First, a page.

Intel has released a new graphics driver for its Arc A770 and A750 GPUs, with some useful bug fixes and, most importantly, a bunch of performance improvements for some games, albeit some of the frame rate increases. they are more modest, of course.
As reported by Tom's Hardware(Opens in a new tab), driver version 22.214.171.12402(Opens in a new tab), and note that this is still a beta version, offers up to 8% improvement in performance for the flagship A770. This particular enhancement is for Dirt 5 at 1440p resolution with “ultra-high” settings.
Another big boost comes with Ghostwire Tokyo, which can run up to 7% faster, again at 1440p (on 'cinematic' settings). Additionally, Gotham Nights runs up to 5% faster at 1080p resolution at the highest presets.
There are a number of other games that increase the frame rate, but they are all more modest at the 3% level. This includes Chorus (1440p, 'epic' settings), Far Cry 6 (1080p and 1440p 'ultra'), Forza Horizon 5 (1080p 'extreme', 1440p 'high'), Guardians of the Galaxy (1080p 'ultra', 1440p 'high'), and finally Sniper Elite 5 (1080p 'ultra').
The new controller also features support for four new games, namely Call of Duty: Warzone 2.0, Dysterra, Marvel's Spiderman: Miles Morales, and Sonic Frontiers.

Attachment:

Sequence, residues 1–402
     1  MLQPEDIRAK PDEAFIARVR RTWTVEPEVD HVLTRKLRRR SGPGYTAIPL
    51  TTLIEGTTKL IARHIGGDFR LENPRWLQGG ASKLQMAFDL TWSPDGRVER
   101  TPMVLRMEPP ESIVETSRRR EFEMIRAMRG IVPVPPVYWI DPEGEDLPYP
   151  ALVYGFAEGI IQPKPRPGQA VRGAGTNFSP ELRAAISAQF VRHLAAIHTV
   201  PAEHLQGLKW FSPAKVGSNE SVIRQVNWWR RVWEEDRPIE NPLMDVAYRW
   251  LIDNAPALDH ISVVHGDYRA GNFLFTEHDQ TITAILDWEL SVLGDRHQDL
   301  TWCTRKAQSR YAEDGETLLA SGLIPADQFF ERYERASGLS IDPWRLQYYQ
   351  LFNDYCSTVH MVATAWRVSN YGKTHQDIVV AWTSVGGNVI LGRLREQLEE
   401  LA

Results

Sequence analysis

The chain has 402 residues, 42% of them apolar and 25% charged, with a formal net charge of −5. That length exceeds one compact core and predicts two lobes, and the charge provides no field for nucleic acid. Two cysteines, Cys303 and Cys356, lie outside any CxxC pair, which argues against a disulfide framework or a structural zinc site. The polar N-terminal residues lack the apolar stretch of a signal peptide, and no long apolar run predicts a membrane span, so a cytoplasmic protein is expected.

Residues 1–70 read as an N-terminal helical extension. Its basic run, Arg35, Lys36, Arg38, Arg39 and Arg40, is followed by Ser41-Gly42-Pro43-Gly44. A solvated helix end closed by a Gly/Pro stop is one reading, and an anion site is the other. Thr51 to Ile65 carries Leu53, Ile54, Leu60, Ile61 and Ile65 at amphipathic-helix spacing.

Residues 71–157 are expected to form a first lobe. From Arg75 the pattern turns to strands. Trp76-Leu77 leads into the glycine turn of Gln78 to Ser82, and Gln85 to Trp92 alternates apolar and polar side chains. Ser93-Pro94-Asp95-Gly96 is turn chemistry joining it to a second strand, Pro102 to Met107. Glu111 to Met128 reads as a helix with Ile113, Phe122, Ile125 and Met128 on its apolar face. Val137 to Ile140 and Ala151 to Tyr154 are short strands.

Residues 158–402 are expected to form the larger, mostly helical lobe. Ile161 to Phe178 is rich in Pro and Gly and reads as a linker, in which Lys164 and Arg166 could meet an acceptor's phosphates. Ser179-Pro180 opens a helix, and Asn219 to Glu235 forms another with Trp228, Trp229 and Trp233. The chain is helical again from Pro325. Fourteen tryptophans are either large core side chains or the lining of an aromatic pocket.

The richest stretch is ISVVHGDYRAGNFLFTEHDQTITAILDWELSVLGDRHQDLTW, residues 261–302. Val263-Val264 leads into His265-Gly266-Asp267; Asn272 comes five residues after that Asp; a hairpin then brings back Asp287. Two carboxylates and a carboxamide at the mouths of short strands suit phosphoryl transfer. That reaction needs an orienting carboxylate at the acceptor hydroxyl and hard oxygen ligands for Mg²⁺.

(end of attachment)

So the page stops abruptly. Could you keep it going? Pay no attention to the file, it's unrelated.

Intel also applied a number of bug fixes here, including fixing an issue that caused Overwatch 2 to stutter on A770 and A750 graphics cards, and game crashing issues with Battlefield 2042 (which occurred while logging into a match). plus Marvel's Spider-Man Remastered (a ray-traced reflection bug that could lead to a hard crash).
Analysis: going in the right direction
Despite the many fixes here, which are obviously welcome, keep in mind that this is still a beta release, so the graphics driver might bring its own baggage, bug-wise.
Obviously, though, it's nice to see Intel working to make progress on not only resolving issues, but also refining performance. Some of the gains up to around 7-8% here are worth it, though the caveat is that they are "on par", and for the lower percentages you won't notice maybe not much (or not) . difference.
Still, we're certainly not going to complain, because if Intel consistently increases frame rates across multiple games with every driver release, we'll eventually get closer to where we want to be with Arc graphics cards: delivering smoother, more stable performance.
Once that starts to be demonstrable, maybe Intel can consider doing a serious value proposition on what's happening now with AMD and Nvidia (who are just releasing expensive high-end graphics cards for the next generation, or at least that much). is all we are doing). seen so far).
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